When Google Buzz came out, everyone expected that it was Google’s first salvo against Twitter—except for the fact that it lived entirely inside of Gmail. Perhaps they hoped it would become just-another-Social-Inbox-app; as opposed to the privacy horror that it grew into. Now, after over a year of having Google Buzz, thousands of complaints, and very little enthusiasm on the subject, Google and the FTC have locked horns and come away with an agreement on how to handle future privacy fiascos.
The proposed settlement bars Google from misrepresenting the privacy or confidentiality of individuals’ information or misrepresenting compliance with the U.S.-E.U Safe Harbor or other privacy, security, or compliance programs. The settlement requires the company to obtain users’ consent before sharing their information with third parties if Google changes its products or services in a way that results in information sharing that is contrary to any privacy promises made when the user’s information was collected. The settlement further requires Google to establish and maintain a comprehensive privacy program, and it requires that for the next 20 years, the company have audits conducted by independent third parties every two years to assess its privacy and data protection practices.
Google’s data practices in connection with its launch of Google Buzz were the subject of a complaint filed with the FTC by the Electronic Privacy Information Center shortly after the service was launched.
The release about the settlement does outline how Google Buzz hit Gmail users like a ton of bricks—or at least roach motels—by letting them into the social network, didn’t let them know how it worked and what to expect out of it, and then when methods for removing themselves came around, wouldn’t actually let them go. The FTC has alleged from complaints that Google established a deceptive environment with Buzz that failed to take into account user involvement, opened customers to invasions of privacy not expected to come out of Buzz, and lacked controls that were intuitive or actually effective in curtailing data leakage.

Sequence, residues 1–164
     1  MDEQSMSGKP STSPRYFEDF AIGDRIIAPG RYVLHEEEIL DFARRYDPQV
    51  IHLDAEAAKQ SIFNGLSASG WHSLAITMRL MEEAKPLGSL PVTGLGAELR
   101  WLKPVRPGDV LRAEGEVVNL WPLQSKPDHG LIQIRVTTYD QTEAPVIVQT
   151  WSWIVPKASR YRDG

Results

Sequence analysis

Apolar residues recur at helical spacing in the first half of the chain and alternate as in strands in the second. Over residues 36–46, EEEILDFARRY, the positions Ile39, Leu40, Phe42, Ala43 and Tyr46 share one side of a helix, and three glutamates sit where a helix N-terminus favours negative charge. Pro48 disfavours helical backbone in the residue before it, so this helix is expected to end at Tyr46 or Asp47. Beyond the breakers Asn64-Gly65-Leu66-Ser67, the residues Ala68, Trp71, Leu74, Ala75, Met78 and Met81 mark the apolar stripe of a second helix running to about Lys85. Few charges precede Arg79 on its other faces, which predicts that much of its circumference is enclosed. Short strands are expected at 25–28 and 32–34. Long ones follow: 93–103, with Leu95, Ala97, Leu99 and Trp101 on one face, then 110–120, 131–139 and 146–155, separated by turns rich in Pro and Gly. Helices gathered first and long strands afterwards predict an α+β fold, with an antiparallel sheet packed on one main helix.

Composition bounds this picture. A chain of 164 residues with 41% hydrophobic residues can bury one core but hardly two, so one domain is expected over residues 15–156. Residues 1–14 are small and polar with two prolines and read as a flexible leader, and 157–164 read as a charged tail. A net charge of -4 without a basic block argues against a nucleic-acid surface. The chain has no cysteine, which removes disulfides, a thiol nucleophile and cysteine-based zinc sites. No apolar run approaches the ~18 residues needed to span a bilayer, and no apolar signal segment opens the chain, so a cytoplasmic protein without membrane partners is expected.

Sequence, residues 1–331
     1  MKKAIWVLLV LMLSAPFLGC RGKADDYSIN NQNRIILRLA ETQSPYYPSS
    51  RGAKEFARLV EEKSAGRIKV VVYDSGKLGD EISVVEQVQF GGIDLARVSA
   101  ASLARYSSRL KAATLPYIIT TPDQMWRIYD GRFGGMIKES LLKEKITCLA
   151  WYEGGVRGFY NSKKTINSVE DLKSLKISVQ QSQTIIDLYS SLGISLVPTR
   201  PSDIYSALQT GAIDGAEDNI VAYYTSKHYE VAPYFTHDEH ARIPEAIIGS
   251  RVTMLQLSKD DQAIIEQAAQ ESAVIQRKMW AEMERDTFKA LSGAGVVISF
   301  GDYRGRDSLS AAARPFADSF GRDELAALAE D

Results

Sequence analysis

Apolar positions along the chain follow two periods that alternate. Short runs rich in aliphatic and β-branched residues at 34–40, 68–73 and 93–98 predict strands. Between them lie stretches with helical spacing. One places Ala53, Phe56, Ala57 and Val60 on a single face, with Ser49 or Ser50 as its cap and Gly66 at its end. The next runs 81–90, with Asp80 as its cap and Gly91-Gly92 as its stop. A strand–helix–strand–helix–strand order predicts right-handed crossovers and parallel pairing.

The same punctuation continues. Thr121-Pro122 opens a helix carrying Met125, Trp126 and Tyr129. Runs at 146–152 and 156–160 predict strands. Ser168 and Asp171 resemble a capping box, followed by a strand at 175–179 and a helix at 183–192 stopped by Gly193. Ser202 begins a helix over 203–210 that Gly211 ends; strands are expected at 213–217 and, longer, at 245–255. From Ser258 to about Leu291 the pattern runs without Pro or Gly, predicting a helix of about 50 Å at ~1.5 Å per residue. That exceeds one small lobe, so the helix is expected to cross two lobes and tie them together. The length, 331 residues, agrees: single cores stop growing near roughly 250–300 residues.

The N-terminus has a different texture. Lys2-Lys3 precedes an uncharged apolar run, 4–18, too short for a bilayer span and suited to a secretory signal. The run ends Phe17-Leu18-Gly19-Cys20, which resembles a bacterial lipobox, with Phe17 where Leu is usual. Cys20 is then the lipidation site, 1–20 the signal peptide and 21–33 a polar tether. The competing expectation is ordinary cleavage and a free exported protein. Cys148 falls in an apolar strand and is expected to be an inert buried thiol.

The solution? Google gets to be independently audited for their commitment to user privacy every two years. Sounds like Google caught the short end of the boom-stick on this one, but as a reaction it makes sense—now if only we could get Microsoft and Facebook to bend under this self-same sort of auditing. Gigantic social-media outlets that wrap up contacts, internally stored e-mails, spheres of privacy, and also suffer from extremely complex social interactions may actually require some sort of watch dogging.
The deal represents the first time in history where an FTC settlement required a company to conduct privacy audits.
Google isn’t just facing issues in the US, of course, the EU has also been staring at them funny.
We’ve seen this phenomena in the considerable amount of issues people have with Facebook. This will probably be a danger with any institution that collects a lot of data and also becomes a warehouse for the social life of an individual. Social networking sites have exceeded expectations from all quarters and their capability of crystallizing our relationships with one another and keeping them extensively available forever creates an entirely new context that nobody has ever had to cope with before. People are increasingly finding themselves both too open to the world and in possession of too many controls on their own data.
Google Buzz simply fell on the wrong side of the equation: it opened up too many holes through the data sieve, didn’t manage enough controls or warning as to what this would mean, and failed to become popular enough to make itself ubiquitous enough that people wouldn’t just leave. Of course, they also had trouble leaving, so that likely led to part of the reason why Google is in the position they’re in now.
I guess that this FTC decision and its implications still leave everyone with one final question:
Is Google finally going to get rid of Buzz?